Wollondilly Council will proceed with a planning proposal for a Government Services Building in Picton potentially up to 16 metres tall after a divisive council meeting this month.
Councillors voted 5-3 in favour of supporting the proposal which would allow the new building - which would address capacity, accessibility and maintenance issues with the existing council building, while providing potential for further government services (like Service NSW) to operate as well - to have up to four stories.
Wollondilly Council is both the owner of the site and the proponent for the Planning Proposal. The council engaged Keylan Consulting to provide an independent assessment of the proposal.
The building is part of a plan to create a new community, cultural and civic precinct in the heart of Picton, which would also include additional parking, a green civic square and a library and learning centre.
It is planned for the area at the junction of Colden Street and Corbett Lane, currently occupied by a car park.
Existing height restrictions under the DCP only allow for developments up to nine metres.
Councillors were divided over whether or not to proceed with the proposal at this stage, with Michael Banasik, Simon Landow and Matt Gould speaking against the proposal, and Judith Hannan, Matthew Deeth, Blair Briggs and Noel Lowry speaking for it. Mayor Robert Khan also voted in favour.
Cr Banasik said he was concerned with the heritage impacts to surrounding buildings like the old post office, Picton Hotel, The George and more.
"The concern is precedent," he said. "Someone could buy the old hardware store and vacant block, and then ask for a a four-storey building. I appreciate the other point of view, but I don't believe we should set this precedent. We should set an example and adhere to our DCP."
Cr Landow accused the council of "bully boy" tactics in attempting to progress the proposal, and said the plan would set a "dangerous precedent".
"I can't understand why this council would want to sit here and allow this beaurocracy to go to up to 16 metres in such a historic town in NSW," he said. "It's so hypocritical. Had this been a private developer wanting to come in on this particular site and go to four stories, the council would, I guarantee it, refuse it."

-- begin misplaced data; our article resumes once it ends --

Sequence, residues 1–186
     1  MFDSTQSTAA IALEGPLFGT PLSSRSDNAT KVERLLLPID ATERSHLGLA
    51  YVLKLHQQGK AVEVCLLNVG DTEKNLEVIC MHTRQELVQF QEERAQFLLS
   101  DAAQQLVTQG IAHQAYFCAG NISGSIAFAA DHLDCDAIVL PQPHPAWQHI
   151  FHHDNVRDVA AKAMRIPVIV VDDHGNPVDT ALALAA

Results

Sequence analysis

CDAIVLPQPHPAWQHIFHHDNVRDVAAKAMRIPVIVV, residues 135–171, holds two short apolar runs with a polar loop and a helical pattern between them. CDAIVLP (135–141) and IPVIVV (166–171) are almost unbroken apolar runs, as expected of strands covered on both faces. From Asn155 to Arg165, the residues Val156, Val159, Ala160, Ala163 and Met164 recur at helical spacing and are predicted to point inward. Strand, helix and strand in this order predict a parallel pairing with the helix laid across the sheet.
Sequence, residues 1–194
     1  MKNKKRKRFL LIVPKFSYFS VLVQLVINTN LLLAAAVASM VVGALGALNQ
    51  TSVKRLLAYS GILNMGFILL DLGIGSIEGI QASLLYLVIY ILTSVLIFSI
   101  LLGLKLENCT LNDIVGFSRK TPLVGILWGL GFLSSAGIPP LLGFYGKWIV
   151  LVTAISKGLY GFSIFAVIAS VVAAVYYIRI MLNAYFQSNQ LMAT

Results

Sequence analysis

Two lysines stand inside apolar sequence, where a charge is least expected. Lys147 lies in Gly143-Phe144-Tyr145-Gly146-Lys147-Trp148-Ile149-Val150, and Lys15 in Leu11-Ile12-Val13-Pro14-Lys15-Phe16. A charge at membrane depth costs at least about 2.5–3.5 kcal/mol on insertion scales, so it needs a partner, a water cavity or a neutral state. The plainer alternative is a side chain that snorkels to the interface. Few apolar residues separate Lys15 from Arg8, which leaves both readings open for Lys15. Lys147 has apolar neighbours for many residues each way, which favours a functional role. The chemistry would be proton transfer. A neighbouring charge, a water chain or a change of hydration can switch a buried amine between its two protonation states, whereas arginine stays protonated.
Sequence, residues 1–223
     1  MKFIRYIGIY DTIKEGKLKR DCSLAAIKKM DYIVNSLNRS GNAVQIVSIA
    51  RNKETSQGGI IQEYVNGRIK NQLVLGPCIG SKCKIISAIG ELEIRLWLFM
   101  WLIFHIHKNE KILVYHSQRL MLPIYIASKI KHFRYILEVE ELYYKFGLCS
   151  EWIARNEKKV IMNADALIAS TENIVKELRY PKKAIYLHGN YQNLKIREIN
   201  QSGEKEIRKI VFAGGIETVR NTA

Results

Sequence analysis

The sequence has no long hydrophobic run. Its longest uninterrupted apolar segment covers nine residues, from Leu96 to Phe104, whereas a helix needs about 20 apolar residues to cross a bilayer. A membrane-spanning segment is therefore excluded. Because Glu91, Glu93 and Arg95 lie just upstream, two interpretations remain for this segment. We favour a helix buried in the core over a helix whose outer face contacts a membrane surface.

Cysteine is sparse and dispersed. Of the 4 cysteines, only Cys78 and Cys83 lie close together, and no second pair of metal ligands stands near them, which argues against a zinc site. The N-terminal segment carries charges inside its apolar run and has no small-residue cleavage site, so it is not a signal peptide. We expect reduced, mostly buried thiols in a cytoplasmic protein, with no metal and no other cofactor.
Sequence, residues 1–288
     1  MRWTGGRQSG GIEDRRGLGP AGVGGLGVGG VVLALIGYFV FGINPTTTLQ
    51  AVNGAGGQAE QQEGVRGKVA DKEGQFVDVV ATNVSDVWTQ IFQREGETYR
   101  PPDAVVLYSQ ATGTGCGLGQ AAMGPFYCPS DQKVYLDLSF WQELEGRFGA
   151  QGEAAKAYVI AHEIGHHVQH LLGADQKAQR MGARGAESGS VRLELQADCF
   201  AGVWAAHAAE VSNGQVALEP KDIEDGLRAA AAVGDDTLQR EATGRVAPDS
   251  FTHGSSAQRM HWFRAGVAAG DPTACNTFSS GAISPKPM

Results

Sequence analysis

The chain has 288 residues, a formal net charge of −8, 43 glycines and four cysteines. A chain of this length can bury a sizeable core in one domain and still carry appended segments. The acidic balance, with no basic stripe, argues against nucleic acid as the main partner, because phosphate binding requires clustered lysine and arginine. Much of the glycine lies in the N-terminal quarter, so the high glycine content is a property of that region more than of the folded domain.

Cr Gould said he did not wish to support the proposal in its current form, before learning more about updates to heritage controls in the DCP which are yet to be presented to the council.
"It it was a commercial development, I'd be asking for this to be sent back for further work around the draft controls," he said. "As the council is the applicant here we have an obligation to be a model applicant."
Cr Hannan urged the council to take note of the fact that the particular motion of debate was not about approving a building design yet, but about approving the planning proposal for the space.
She said the council didn't want to do "half a job" and learn their new building was not large enough and have to build again down the track.
Cr Deeth requested further consultation of residents on Colden Street and Keable Close before endorsing the proposal. He said he had "never seen such an extensive review" of a proposal.
Cr Lowry said the opponents of the proposal made "some really strong points that are quite correct" but he believed "Argyle Street [would] be relatively unchanged".
"The heritage character of the town as we know it, I think we can get away with a four-storey, 16-metre building on Colden Street," he said. "I think with this development there's going to be more good than harm."